I read this and various other articles on his blog. I still don't quite wrap my brain around it, like any of these things there is a new language to learn. My take away is that it is hard to test for- which I'd already gathered! As I'm understanding from this guy the CDC standard is ELISA positive followed by Western Blot, however due to the inaccuracies of ELISA he advocates just going for Western Blot, although it seems this is not a simple positive or not, they are looking for a number of certain "bands" to be positive and not all tests will test the right ones or even give you detailed results. I've heard the name Igenx thrown around for Lyme tests but it seems it is controversial. What I still didn't gather from that source was who to go through for the Western Blot.

 

Am I on the right track? Any suggestions for the where to test? My usual lab is Quest and it doesn't seem that they offer a good Lyme's test from what I've read. I do have a functional med. dr who will generally order whatever tests I ask(and I have plenty of indications that it might be a possibility) but before I go down that road and pay out of pocket I want to make sure it is the right test.

Edited by soror
  • Like 1
Link to comment
Share on other sites

As I'm understanding from this guy the CDC standard is ELISA positive followed by Western Blot, however due to the inaccuracies of ELISA he advocates just going for Western Blot, although it seems this is not a simple positive or not, they are looking for a number of certain "bands" to be positive and not all tests will test the right ones or even give you detailed results.

He does, but ONLY if the clinical diagnosis is ambiguous:

We depend on clinical diagnosis. But sometimes we are not sure.

I've heard the name Igenx thrown around for Lyme tests but it seems it is controversial.

It is controversial, but it seems to me that some of the controversy around Igenx is just part-and-parcel of the whole Lyme controversy (but certainly not all of it).

 

We had a strong chronic Lyme diagnosis for our son based on the clinical diagnosis from a Lyme-literate physician (actually, from the PA who worked for him). Still, we wanted to see what the lab results looked like. They agreed to write prescriptions for BOTH Quest Western blot tests and for Igenx. The results that came back were not too surprising: Western blot from Quest was negative while Igenx read some indications of a Lyme infection in some of the bands.

Am I on the right track? Any suggestions for the where to test? My usual lab is Quest and it doesn't seem that they offer a good Lyme's test from what I've read. I do have a functional med. dr who will generally order whatever tests I ask(and I have plenty of indications that it might be a possibility) but before I go down that road and pay out of pocket I want to make sure it is the right test.

I think you are on the right track, since you are asking all the right questions.

 

That said, the problem with a test that has a high false-negative rate like the Westen blot can be summarized by the following question: "If I get a negative result, do I have Lyme or don't I?" The simple answer is that you won't know. Only if you get a positive result can you have some level of assurance. Unfortunately, getting a positive result on the Western blot is unlikely since you do not appear to have acute Lyme disease.

 

Best of luck with this. I wish there were better answers out there for you and many others who might (or may not) be suffering from Lyme disease.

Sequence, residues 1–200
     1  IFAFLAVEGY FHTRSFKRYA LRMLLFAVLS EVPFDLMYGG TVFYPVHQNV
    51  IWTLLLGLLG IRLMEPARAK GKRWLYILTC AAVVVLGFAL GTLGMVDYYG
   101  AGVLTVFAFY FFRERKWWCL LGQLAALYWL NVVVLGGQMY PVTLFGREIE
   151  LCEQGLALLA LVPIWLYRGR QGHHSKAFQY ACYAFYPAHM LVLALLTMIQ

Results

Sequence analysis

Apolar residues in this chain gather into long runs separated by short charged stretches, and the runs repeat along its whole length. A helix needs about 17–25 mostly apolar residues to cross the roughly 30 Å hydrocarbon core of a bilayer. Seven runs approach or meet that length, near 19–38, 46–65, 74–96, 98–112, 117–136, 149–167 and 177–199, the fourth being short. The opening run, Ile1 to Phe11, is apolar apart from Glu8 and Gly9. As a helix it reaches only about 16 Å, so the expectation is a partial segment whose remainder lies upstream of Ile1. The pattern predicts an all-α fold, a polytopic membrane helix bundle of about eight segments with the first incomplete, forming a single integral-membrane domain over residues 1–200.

• Like 1
Link to comment
Share on other sites

He does, but ONLY if the clinical diagnosis is ambiguous:

It is controversial, but it seems to me that some of the controversy around Igenx is just part-and-parcel of the whole Lyme controversy (but certainly not all of it).

 

We had a strong chronic Lyme diagnosis for our son based on the clinical diagnosis from a Lyme-literate physician (actually, from the PA who worked for him). Still, we wanted to see what the lab results looked like. They agreed to write prescriptions for BOTH Quest Western blot tests and for Igenx. The results that came back were not too surprising: Western blot from Quest was negative while Igenx read some indications of a Lyme infection in some of the bands.I think you are on the right track, since you are asking all the right questions.

 

That said, the problem with a test that has a high false-negative rate like the Westen blot can be summarized by the following question: "If I get a negative result, do I have Lyme or don't I?" The simple answer is that you won't know. Only if you get a positive result can you have some level of assurance. Unfortunately, getting a positive result on the Western blot is unlikely since you do not appear to have acute Lyme disease.

 

Best of luck with this. I wish there were better answers out there for you and many others who might (or may not) be suffering from Lyme disease.

I dont know what to think of it all, really. I mean, I have other issues so the question has always been is this just explained by these things or is there some other piece to the puzzle. I've tried to approach it by thinking it as simple as possible but simple isn't always possible. I think I'll talk to my FM next appt.

 

Cheezits! I looked up the price, the most current price I can find is $300 for the basic panel and $600 for the more complete panel. Gah. 

Link to comment
Share on other sites

Join the conversation

You can post now and register later. If you have an account, sign in now to post with your account.

Guest
Reply to this topic...

×   Pasted as rich text.   Paste as plain text instead

  Only 75 emoji are allowed.

×   Your link has been automatically embedded.   Display as a link instead

×   Your previous content has been restored.   Clear editor

×   You cannot paste images directly. Upload or insert images from URL.

 Share

×
×
  • Create New...